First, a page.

11/20/2012 RC: "Zero to Sixty: Zero to Fifteen"

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This thread is for discussion of this week's ReConstructed, which goes live Tuesday morning on magicthegathering.com.
If you should side elspeth against both beatdown and control then shouldn't she be main decked?
If you should side elspeth against both beatdown and control then shouldn't she be main decked?



Not really. Elspeth represents two different sideboard plans. Against control, she's a removal-proof threat. When you bring her in aggro, the plan is to be "bigger" than your opponent and have a more powerful threat. 

So why not main deck? She's not that good game 1. Elspeth will be good against aggro game 1's but will be terrible against control game 1's. In game 1, control will still have it's Negates, will be denser with high end threats that invalidate Elspeth,  and will be relatively light with mass removal and anti-aggro cards. In this case your other fast but vurnerable aggro cards will be better than the slow but resilient Elspeth. When control becomes more focused on killing and blocking small creatures post-board, is when Elspeth turly shines against control.

Of course, all of that can be invalid depending on the exact type of beatdown you're running and the metagame you expect, and also by the fact that Elspeth is just such a powerful card.

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One thing I wish the article covered how much better control sideboards than aggro. Control in game 1 will have irrelevant answers that are easily replaced. Aggro on the other hand, risks messing with its game plan when sideboarding. When you sideboard in answers for threats in aggro, you risk the chance of your deck "whiffing", that is running out of gas by drawing way too many answers and not enough threats.
If you should side elspeth against both beatdown and control then shouldn't she be main decked?


In addition to what nikosison said, Paulo Vitor Damo da Rosa explained it quite well in this article:


”You side this card in every matchup, you should just maindeck it”


Nooooooooooooooo…. every time someone posts a sideboard guide and there is a card that gets boarded in a lot (and I mean every time), someone asks why it’s not in the main. There could be two main reasons:


1) The card is an answer to something that they are sideboarding. Take, for example, Phantasmal Image in UB – I boarded it in against almost everyone, but it was not in the maindeck because the reason I boarded it in was mainly to deal with Thrun, the Last Troll, and this card is usually not in their maindeck game one (or at least not in great quantities). As a matter of fact, I’d probably maindeck Image in UB nowadays, but that is because of the rise in Strangleroot Geist – if Ramp is the default RG deck, then you don’t want it main. If you’re playing a combo deck, then you might end up siding Echoing Truth against everyone, because you need an answer for their answer, but that doesn’t mean you need Echoing Truth main – you’re just not going to face any Leylines game one.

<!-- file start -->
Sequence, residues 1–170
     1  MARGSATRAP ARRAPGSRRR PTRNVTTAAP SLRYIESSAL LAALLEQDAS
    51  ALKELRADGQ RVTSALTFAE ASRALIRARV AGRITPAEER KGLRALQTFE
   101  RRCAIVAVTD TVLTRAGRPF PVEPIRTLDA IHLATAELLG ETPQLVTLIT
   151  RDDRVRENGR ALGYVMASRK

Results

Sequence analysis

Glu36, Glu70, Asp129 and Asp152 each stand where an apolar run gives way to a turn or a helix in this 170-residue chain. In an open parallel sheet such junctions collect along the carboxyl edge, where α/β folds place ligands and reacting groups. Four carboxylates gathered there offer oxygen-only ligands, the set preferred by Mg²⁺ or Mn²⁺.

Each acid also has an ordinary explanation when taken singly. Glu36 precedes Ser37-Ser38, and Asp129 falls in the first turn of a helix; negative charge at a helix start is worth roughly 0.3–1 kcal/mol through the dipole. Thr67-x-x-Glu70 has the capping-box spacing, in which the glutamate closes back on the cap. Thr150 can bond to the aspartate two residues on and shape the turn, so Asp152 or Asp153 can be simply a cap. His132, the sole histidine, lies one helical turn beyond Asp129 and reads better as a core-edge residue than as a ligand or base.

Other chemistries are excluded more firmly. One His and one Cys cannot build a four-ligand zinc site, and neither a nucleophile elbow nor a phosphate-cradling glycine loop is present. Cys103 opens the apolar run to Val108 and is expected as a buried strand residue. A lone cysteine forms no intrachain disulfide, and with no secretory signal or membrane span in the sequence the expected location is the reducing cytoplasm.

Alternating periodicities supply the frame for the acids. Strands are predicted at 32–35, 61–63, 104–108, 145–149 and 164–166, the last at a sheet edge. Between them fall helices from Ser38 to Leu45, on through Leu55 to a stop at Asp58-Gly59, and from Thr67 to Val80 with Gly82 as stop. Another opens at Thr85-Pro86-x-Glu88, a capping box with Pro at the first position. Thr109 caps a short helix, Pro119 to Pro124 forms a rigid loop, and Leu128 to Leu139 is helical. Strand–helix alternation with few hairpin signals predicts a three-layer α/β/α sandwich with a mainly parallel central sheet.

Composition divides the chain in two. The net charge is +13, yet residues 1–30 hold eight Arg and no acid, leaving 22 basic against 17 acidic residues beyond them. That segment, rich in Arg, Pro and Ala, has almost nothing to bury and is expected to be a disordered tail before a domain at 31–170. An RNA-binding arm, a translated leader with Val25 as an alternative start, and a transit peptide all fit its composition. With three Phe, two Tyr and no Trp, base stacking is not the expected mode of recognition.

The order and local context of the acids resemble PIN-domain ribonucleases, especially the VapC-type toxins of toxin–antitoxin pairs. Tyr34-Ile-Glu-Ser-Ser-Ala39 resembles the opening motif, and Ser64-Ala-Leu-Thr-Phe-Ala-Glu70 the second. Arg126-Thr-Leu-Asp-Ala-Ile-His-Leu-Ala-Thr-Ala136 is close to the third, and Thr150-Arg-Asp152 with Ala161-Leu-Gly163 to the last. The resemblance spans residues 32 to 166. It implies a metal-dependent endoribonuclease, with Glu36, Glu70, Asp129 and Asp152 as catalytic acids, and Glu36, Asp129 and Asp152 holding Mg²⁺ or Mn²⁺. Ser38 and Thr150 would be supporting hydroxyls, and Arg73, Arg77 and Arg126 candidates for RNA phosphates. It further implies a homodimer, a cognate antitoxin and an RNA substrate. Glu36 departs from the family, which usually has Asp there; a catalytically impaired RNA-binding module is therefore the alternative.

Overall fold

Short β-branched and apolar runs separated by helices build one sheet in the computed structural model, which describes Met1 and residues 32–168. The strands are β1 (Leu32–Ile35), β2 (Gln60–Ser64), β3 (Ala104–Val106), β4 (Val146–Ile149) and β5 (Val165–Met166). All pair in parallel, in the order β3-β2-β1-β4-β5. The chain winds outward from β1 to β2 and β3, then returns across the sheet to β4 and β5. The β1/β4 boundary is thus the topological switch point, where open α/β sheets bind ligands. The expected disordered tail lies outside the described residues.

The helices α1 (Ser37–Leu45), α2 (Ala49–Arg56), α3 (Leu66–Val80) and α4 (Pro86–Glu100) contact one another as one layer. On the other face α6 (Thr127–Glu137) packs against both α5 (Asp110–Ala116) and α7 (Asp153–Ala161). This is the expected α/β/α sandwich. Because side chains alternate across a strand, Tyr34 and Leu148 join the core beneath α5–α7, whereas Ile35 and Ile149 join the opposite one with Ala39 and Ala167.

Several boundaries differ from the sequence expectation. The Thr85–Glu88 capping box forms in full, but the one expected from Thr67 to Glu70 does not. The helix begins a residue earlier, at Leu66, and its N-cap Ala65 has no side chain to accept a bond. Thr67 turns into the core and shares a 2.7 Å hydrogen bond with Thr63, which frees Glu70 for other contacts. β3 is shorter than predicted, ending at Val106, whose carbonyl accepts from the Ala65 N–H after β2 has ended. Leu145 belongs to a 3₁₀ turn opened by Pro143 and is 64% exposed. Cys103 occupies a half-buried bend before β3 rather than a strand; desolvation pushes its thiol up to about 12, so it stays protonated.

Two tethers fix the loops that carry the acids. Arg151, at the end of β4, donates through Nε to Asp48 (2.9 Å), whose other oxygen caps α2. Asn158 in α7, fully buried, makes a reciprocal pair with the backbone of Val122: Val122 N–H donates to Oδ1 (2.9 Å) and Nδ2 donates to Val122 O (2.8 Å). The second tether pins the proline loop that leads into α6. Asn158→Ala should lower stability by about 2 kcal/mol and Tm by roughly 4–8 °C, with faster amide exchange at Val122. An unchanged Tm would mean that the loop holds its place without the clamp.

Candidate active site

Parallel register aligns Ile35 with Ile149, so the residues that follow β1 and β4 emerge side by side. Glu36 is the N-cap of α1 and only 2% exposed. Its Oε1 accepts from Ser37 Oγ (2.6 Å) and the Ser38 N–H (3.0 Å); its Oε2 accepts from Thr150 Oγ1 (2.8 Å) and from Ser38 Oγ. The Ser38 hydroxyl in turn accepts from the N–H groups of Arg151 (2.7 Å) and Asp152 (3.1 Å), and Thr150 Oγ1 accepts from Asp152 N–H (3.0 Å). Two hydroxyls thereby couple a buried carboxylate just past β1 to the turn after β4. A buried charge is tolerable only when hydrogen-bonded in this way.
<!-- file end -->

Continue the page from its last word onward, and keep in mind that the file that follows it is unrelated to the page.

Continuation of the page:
Sometimes, it’s not a specific card that they have, but a culmination of cards that makes one of your cards worse. Take, for instance, Goblin Guide and Steppe Lynx – those are two highly aggressive cards, good for racing but not that reliable in the long game. In game ones, that is good enough – they can’t deal with your cards so you just kill them. For games two and three, though, especially if you are on the draw, they will likely bring in answers and that will make the game a lot slower, at which point those cards are no longer very good and then you side them out for a card that is slower, but more resilient.


2) There is simply no room for the card. Sometimes, you need stuff in the main to deal with different decks and you can’t afford a generic card, but you end up having cards to side out against everyone, so you bring them in. To extrapolate – in a scenario where every deck is either Black or Red, you might maindeck four Circle of Protection: Black and four COP: Red. Then, in the board, you have four of a generic card – say, Loyal Cathar. If you play against a Red deck, you’ll take out COP:Black for Loyal Cathars; if you play against Black, you’ll take out COP:Red for Loyal Cathar. In every single match, you bring in four Loyal Cathars – but you still think it’s going to make for a better deck if you have those COPs main. For a more “real life” example, take a card like Nihil Spellbomb in UB – It’s in your sideboard for a reason, to deal with graveyard effects (say Frites). However, you have some dead cards against everyone – removal against control, Countermagic versus aggro – and you really don’t want those cards there. In this case, you might just take them out for Nihil Spellbomb, which draws you a card; this may lead to you siding Spellbomb in against almost everyone, but it definitely does not mean you want it in the maindeck.



Full article here, if you're interested.

IMAGE(http://i1.minus.com/jbcBXM4z66fMtK.jpg)

192884403 wrote:
surely one can't say complex conditional passive language is bad grammar ?
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